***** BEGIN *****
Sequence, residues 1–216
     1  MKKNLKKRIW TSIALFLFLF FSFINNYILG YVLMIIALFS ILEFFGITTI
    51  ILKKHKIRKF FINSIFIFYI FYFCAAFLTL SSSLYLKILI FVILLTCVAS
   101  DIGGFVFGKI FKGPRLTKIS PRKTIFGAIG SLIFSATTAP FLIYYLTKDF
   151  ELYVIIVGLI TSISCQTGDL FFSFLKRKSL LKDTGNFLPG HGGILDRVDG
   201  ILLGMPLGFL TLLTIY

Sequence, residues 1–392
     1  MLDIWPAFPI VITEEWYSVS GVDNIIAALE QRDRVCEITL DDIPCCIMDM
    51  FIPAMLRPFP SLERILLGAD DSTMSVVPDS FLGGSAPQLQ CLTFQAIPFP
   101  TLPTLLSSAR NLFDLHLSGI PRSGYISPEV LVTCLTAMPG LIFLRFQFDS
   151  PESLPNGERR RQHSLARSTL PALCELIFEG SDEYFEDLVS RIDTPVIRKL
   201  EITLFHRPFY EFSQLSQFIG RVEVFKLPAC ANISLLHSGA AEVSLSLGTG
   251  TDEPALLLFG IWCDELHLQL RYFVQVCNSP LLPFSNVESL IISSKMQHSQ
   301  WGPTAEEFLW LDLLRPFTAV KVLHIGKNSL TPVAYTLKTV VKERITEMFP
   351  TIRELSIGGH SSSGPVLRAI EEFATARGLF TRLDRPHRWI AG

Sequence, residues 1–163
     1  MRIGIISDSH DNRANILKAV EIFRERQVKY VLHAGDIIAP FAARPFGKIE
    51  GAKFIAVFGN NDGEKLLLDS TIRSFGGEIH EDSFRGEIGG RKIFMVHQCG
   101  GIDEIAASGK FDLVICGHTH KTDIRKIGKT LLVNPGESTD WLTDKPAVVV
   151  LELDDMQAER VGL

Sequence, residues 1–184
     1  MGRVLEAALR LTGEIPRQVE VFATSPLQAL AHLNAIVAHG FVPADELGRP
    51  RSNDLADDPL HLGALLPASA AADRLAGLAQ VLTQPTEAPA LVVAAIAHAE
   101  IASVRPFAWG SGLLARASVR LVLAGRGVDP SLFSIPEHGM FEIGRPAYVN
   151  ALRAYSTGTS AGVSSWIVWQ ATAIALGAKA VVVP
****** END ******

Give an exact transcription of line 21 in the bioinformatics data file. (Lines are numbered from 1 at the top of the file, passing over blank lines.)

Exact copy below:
Sequence, residues 1–184